"Det smaker."

Translation:It tastes good.

June 1, 2015

29 Comments


https://www.duolingo.com/profile/Deyan161

The real English translation of this is 'mmmmmm mmmmm mmmmmmm" with lots of intonation thrown in.


https://www.duolingo.com/profile/Luke_5.1991

Someone's been watching Food Network.


https://www.duolingo.com/profile/jacobhilton

Kan jeg si "Det smaker bra." eller nei?


https://www.duolingo.com/profile/alek_d

Yes, and it is accepted now.


https://www.duolingo.com/profile/LilithGNM

If 'smaker' by itself means tastes good, does the sentence "Det smaker av kylling" imply "It tastes like chicken (and I like it)," or does it lose that implication?


https://www.duolingo.com/profile/cbsplinter

My intuition tells me that it's like English. We say "That smells!" and then we say "that smells like chicken," and the connotation is lost.


https://www.duolingo.com/profile/LilithGNM

That makes sense! I hadn't thought of that. Tusen takk!


https://www.duolingo.com/profile/KubaFrankowski

Oh cool it's the same as the Polish "smak" (noun for taste) and "smakować" (to taste good).


https://www.duolingo.com/profile/Jan_D_13

And the same as the german "schmeckt". "Das schmeckt" is just the same as "it tastes good".


https://www.duolingo.com/profile/grauer_Pilger

In German we also use the slang-word "Schmackofatz" if something is really tasty. That word has no meaning in itself, but I dare to see a connection to "Geschmack", "smaker" "schmecken" etc. :)


https://www.duolingo.com/profile/Gary_Kotka

"It is tasty." accepted.


https://www.duolingo.com/profile/katawalker

In fact norwegians would never say that, would they? They would always say: Det smakte (eller var) godt, ikke sant? They always talk about taste in past tense.


https://www.duolingo.com/profile/Deliciae

Filthy lies and slander.


https://www.duolingo.com/profile/mprdo

Aha! But not a denial!! Bueno pues, es la verdad. 13Jun17


https://www.duolingo.com/profile/badkelly

"It tastes" is accepted, but it says the translation is, "It tastes good". Should 'godt' be added at the end?


https://www.duolingo.com/profile/Deliciae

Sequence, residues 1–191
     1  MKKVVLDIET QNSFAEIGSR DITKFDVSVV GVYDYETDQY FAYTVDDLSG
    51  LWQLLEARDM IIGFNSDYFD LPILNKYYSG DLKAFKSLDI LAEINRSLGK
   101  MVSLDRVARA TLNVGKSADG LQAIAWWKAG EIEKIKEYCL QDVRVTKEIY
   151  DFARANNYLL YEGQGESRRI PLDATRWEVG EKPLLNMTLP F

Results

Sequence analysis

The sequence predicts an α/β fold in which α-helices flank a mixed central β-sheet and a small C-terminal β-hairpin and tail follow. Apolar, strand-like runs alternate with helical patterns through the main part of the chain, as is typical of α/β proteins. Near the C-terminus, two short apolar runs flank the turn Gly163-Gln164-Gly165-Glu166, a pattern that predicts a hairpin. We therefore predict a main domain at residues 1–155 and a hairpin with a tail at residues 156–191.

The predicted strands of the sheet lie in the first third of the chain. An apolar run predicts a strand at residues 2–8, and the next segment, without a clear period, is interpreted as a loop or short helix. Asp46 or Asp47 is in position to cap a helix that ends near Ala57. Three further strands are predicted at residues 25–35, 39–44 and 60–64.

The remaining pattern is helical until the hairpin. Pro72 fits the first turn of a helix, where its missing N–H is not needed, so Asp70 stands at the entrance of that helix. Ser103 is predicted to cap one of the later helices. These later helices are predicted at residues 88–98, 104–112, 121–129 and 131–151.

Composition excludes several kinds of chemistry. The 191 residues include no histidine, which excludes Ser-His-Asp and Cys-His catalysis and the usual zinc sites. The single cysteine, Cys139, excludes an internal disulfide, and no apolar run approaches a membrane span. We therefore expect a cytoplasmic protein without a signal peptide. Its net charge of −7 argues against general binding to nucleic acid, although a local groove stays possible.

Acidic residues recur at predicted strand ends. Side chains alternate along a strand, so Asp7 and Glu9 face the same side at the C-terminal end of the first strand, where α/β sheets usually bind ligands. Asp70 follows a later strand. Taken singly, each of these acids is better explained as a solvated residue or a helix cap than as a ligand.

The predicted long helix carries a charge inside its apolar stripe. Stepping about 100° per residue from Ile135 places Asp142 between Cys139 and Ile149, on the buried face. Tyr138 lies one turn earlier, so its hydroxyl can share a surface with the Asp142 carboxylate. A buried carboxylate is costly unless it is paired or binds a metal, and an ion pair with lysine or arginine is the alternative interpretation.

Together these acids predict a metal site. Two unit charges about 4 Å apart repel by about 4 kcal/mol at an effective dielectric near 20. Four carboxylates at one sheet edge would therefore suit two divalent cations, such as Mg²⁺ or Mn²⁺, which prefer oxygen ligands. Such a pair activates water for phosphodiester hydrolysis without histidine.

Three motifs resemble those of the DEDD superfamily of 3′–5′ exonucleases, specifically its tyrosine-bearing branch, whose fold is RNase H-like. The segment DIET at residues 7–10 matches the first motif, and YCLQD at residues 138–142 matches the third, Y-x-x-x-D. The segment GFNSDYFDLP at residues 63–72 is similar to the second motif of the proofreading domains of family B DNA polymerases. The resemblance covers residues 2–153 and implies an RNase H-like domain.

It's implied.


https://www.duolingo.com/profile/mprdo

Linn: If it does NOT taste good, would you negate using ikke? Maybe use daarlig? 13Jun17


https://www.duolingo.com/profile/Deliciae

A straight-up negation of this sentence ("Det smaker ikke") would not work, though you could use "Det smaker meg ikke" with the implication of "It doesn't taste good to me".

Other options:

"Det smaker ikke (så) godt." (this is less insulting than the below, if you're commenting on someone's cooking.)

"Det smaker vondt (/dårlig/fælt...)."


https://www.duolingo.com/profile/mngamers

How can it be implied ...what if you wanted to say it said tasted bad?


https://www.duolingo.com/profile/Jan_D_13

I think "det smaker ikke" or "det smaker dårlig" or "det smaker ikke godt" should work.


https://www.duolingo.com/profile/PhilHevican

"Tastes Good" Not accepted..


https://www.duolingo.com/profile/BeornScead

So you can say 'it tastes good' but not 'this tastes good'? In which instance would you be tasting something but unable to specify 'this'?


https://www.duolingo.com/profile/SnowDragon07

I believe "this tastes good" would be "dette smaker".


https://www.duolingo.com/profile/T.Granger

It sounds like an unfinished sentence...


https://www.duolingo.com/profile/beerzoe

No, just a fixed expression. The 'good' is implied.


https://www.duolingo.com/profile/sw1tchw1tch

Does the extra k in 'snakker' vs 'smaker' imply a difference in pronunciation that I'm not hearing? Or is it kind of arbitrary?


https://www.duolingo.com/profile/Jan_D_13

If I am not mistaken, the "a" in "smaker" is pronounced longer than the one in "snakker".

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